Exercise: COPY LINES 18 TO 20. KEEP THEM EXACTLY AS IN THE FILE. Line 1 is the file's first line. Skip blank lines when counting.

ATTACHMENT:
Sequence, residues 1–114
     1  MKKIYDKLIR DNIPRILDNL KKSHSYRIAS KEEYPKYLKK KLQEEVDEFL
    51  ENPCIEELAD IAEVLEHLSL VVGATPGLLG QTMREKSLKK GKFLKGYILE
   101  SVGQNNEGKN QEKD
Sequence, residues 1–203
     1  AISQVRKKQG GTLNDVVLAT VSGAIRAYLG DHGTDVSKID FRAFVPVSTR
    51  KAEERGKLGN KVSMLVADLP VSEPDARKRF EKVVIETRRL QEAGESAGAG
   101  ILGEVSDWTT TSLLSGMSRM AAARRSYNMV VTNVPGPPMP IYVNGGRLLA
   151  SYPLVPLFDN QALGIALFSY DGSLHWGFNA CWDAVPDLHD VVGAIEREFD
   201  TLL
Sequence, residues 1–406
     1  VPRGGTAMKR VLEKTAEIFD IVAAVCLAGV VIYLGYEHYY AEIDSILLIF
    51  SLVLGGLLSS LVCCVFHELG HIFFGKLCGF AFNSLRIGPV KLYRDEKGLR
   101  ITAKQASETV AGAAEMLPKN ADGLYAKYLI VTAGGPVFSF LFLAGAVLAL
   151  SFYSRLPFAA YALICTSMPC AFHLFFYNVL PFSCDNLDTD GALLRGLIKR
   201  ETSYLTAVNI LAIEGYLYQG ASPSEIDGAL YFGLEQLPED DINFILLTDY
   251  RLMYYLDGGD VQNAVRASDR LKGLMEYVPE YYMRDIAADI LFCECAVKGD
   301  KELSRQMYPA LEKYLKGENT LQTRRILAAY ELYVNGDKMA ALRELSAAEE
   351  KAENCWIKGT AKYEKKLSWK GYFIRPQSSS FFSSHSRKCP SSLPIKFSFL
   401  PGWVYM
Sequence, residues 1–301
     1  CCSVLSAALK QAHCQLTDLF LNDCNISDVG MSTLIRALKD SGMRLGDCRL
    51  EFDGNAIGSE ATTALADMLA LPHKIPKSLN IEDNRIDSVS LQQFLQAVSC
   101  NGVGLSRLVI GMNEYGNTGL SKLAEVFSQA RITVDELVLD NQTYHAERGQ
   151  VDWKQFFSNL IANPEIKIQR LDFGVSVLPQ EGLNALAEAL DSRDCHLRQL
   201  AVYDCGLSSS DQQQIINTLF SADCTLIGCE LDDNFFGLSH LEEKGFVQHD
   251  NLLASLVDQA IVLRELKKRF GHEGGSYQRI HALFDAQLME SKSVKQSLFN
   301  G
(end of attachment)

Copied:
   301  KELSRQMYPA LEKYLKGENT LQTRRILAAY ELYVNGDKMA ALRELSAAEE
   351  KAENCWIKGT AKYEKKLSWK GYFIRPQSSS FFSSHSRKCP SSLPIKFSFL
   401  PGWVYM